Congress approves education bill
Though the Higher Education Opportunity Act still awaits President Bush’s approval, students can keep their fingers crossed for a less daunting financial aid process as the bill, calling for greater loan transparency and increased federal aid, met Congress’ approval Thursday with an overwhelming majority.
The House approved the bill with a 380 to 49 vote and the Senate voted 83 to 8 in favor of the bill, The New York Times reported.
In its entirety, the bill would set into motion increased oversight by the government of institutions of higher education in which it will monitor budgetary shifts from tuition increases to private loan incentives and endowments granted the universities.
To ease students’ financial hardships when dealing with the cost of higher education, the legislation calls for colleges and universities with the largest percentage tuition increases to justify their tuition costs to the secretary of education.
Should the bill pass, universities and private loan and federal loan lenders will also be subject to steadfast rules, which will prohibit any gifts or revenue-sharing incentives among the entities.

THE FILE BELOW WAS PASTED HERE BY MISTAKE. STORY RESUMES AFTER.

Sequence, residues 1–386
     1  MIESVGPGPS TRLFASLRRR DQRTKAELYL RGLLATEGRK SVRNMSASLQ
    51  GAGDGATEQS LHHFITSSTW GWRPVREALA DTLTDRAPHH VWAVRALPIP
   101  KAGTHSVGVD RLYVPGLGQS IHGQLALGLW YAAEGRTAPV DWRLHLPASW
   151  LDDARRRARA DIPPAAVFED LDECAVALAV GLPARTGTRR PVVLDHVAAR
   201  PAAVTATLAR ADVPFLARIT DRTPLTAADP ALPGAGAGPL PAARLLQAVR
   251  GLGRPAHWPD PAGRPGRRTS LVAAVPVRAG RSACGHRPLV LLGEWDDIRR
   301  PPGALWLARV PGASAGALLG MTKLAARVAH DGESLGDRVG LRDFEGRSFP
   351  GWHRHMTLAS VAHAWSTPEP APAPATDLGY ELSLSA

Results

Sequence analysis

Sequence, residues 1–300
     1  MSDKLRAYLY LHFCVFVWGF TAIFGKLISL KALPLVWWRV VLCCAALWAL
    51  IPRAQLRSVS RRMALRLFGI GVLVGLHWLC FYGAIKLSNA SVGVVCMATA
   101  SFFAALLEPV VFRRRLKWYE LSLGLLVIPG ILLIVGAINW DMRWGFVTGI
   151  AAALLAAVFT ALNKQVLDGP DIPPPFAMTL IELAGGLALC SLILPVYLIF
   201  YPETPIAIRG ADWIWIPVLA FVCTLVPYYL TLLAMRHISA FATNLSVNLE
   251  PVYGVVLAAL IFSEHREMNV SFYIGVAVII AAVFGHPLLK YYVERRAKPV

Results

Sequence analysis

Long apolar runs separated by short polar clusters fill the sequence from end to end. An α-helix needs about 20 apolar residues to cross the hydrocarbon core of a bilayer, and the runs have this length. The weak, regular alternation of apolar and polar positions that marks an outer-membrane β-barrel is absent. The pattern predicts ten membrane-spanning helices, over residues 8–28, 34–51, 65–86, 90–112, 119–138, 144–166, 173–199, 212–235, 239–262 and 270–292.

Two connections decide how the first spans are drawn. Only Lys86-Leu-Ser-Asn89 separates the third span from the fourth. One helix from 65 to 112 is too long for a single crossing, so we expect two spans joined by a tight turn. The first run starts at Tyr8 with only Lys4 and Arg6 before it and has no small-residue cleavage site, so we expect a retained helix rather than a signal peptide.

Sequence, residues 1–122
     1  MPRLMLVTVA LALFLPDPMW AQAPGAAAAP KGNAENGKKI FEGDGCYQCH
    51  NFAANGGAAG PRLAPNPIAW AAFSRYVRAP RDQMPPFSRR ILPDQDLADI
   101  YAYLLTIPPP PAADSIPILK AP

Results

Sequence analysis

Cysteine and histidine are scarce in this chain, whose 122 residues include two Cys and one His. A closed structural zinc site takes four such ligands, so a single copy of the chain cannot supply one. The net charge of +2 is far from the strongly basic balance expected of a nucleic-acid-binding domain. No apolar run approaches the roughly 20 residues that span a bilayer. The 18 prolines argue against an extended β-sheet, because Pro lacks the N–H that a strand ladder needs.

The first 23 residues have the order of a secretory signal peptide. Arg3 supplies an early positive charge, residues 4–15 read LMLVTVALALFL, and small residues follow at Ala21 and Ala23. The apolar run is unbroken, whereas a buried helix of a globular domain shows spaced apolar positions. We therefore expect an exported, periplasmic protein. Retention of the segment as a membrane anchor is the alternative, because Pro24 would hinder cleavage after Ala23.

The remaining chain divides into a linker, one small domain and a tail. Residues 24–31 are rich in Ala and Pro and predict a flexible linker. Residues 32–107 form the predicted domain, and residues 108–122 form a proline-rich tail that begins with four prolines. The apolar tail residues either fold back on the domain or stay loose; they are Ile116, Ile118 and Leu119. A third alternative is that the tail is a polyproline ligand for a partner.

The bill would also set into place a monitoring system for university endowments, which U.S. Comptroller General Gene Godaro would study and report on the amounts, uses and purposes of endowments incurred by each university.
To ensure a less cumbersome financial aid process, the bill would implement a simplified, two-page Free Application for Federal Student Aid, the FAFSA-EZ form, and the extension of the Pell grant to be available throughout the academic year for eligible students.
The Higher Education Opportunity Act will also force textbook publishers to disclose pricing information well before the start of classes so students can make informed decisions on textbook purchases and would require publishers to sell unpackaged versions of every textbook.